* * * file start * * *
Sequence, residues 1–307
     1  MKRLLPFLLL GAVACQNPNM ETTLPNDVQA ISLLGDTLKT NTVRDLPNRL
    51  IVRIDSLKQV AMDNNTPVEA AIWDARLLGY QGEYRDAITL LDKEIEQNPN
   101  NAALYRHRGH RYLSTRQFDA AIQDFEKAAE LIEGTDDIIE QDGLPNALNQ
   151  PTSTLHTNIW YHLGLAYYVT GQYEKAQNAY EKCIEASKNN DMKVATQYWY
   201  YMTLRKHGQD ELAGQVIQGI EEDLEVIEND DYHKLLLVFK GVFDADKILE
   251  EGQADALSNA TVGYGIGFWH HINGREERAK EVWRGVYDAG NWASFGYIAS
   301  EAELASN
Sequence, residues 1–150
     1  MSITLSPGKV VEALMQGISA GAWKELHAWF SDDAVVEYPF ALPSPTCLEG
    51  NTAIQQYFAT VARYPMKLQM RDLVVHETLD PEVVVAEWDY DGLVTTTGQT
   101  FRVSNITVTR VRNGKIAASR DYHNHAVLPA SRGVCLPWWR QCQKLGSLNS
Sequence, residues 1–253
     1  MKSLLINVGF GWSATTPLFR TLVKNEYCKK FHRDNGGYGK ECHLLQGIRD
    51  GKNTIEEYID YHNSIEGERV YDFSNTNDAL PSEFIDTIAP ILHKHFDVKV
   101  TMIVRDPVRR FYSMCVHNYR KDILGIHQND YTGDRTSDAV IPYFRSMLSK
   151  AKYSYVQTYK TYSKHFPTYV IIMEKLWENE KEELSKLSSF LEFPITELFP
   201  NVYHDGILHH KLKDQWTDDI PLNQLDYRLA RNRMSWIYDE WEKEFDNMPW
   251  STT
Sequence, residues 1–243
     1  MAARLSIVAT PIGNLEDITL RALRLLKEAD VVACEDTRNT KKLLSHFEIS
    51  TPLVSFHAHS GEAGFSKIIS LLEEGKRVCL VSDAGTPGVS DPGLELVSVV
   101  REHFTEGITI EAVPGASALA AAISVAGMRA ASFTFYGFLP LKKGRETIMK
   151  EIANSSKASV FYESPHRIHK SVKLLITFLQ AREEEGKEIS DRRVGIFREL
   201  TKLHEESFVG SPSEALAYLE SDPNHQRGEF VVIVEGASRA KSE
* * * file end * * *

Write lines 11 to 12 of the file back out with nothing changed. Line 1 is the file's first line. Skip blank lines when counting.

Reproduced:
    51  NTAIQQYFAT VARYPMKLQM RDLVVHETLD PEVVVAEWDY DGLVTTTGQT
   101  FRVSNITVTR VRNGKIAASR DYHNHAVLPA SRGVCLPWWR QCQKLGSLNS